Interaction between trade and climate change regimes has received much attention lately. While I can think of a number of “climate-positive” reasons for exploring synergies between the two regimes and for aligning policies that could stimulate production, trade, and investment in cleaner technology options, much of focus instead has been on using trade measures as weapons in the global climate negotiations. This stems mainly from competitiveness concerns in countries that are now racing to reduce GHG emissions to meet Kyoto 2012 targets and beyond and in the US primarily to allay domestic fears of a tightening climate regime. These concerns have led to proposals for tariff or border tax adjustments to offset any adverse impact of capping CO2 emissions. This also has roots in the fear of leakage of carbon-intensive industries such as steel and chemicals to non-implementing countries.
As we talk to people around the world on some of the key findings and views that we're building into the next World Development Report, we encounter some heated debates. One of these much-argued points is our view that the world must aim to keep mean global warming below 2oC, but as one of our advisors says, "be prepared for 4oC".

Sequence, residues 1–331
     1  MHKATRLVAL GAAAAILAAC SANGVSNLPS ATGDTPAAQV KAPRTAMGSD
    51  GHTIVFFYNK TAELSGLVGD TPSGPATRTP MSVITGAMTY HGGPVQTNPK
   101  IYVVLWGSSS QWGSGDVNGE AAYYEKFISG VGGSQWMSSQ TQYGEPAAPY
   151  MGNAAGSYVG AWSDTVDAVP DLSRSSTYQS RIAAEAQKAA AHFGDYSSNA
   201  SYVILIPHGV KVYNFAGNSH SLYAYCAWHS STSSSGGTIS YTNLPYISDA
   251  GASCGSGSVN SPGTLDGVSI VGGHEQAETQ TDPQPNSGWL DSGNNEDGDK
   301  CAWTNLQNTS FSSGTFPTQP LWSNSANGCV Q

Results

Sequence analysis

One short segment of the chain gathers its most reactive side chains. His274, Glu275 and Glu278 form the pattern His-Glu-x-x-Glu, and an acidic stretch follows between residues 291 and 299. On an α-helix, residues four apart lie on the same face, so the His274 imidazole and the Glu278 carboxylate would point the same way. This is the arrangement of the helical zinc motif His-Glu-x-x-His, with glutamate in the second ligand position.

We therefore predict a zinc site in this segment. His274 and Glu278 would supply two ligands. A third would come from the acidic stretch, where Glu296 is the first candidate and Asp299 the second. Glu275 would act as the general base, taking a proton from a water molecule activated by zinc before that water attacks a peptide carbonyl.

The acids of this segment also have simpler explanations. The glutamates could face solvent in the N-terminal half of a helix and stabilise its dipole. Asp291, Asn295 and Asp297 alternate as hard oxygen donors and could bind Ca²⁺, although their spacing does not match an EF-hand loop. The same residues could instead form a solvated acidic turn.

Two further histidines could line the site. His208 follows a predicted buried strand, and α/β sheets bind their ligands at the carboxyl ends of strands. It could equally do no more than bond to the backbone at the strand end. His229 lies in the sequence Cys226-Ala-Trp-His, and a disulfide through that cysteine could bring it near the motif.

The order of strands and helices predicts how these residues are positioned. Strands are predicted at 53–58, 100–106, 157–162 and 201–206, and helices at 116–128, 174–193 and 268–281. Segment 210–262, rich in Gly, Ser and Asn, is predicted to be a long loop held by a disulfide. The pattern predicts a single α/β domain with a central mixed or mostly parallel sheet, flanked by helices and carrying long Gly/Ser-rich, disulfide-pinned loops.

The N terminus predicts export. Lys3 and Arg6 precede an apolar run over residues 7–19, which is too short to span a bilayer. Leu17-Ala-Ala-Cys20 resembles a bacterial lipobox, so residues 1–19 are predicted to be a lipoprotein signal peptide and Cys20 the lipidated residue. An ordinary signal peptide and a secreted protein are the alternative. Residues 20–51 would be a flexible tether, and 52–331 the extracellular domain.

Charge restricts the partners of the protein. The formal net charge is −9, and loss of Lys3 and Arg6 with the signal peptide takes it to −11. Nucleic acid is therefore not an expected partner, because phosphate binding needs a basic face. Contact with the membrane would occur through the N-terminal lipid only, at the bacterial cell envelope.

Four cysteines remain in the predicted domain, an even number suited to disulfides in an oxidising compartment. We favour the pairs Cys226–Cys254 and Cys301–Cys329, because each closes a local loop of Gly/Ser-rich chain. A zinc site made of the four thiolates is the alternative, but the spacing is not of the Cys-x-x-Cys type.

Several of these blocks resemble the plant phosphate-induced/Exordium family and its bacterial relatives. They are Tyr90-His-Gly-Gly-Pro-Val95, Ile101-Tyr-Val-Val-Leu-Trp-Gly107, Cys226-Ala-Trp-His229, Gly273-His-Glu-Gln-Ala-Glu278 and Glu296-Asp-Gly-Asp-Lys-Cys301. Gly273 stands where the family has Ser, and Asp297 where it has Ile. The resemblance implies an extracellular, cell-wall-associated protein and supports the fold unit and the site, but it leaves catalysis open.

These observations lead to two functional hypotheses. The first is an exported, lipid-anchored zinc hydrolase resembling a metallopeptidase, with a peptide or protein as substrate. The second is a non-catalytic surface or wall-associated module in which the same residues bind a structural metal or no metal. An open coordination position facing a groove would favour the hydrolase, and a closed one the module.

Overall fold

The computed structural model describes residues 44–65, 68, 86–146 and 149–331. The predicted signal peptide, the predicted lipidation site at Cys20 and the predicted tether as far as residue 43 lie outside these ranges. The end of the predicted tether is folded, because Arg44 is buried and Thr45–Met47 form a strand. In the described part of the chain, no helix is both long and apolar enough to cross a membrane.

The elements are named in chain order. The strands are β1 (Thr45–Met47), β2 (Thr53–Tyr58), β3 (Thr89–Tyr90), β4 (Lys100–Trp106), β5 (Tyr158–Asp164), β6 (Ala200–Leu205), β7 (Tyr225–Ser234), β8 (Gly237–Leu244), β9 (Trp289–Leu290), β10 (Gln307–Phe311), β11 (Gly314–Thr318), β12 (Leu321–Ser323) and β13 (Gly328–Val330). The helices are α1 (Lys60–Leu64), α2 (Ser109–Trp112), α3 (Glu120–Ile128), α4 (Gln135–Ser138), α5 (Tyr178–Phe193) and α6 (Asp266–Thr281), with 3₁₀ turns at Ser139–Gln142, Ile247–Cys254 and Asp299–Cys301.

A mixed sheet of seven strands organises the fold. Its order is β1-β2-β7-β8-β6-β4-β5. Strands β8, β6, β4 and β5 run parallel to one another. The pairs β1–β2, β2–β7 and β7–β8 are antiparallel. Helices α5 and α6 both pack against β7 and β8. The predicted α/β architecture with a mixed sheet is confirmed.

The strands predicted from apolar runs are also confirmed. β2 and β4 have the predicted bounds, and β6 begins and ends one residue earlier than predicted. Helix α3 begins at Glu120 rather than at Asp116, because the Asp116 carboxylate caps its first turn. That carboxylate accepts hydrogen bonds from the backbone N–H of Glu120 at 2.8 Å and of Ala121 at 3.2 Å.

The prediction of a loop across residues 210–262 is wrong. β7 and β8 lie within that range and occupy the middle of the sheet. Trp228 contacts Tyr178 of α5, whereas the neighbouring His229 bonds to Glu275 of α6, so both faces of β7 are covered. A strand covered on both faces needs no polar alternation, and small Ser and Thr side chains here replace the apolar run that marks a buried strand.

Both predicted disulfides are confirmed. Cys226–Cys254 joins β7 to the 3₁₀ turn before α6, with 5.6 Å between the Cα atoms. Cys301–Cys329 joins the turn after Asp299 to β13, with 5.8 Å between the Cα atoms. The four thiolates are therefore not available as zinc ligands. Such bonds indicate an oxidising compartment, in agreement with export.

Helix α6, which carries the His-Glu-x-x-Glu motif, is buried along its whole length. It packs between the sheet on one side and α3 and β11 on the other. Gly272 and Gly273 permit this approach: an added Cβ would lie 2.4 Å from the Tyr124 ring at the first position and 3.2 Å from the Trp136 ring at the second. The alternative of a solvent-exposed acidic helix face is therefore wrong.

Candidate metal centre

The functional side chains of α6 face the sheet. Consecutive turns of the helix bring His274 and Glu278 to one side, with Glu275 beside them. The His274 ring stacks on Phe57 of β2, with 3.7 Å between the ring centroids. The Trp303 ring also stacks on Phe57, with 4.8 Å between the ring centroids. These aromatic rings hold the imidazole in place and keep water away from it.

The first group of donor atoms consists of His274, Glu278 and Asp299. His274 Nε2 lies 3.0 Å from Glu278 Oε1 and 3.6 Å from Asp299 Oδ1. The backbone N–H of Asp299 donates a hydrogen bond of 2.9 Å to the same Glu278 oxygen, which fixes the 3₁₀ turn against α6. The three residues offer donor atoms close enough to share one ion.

Here are the reactions. Some (mostly, but not just, in Europe) find it shocking that we can even consider a world with warming above 2oC or with concentrations of CO2 at or above 550 ppm. Others worry that we are setting 2oC as a target, which is very sensitive in the context of the upcoming negotiations. We are not. We are simply agreeing in the light of mounting evidence that the world should try very hard to stay below 2oC, since losses will likely begin to rise rapidly above that temperature and irreversibe impacts may occur - particularly in developing countries. A new version of the "burning ember chart" makes this painfully obvious.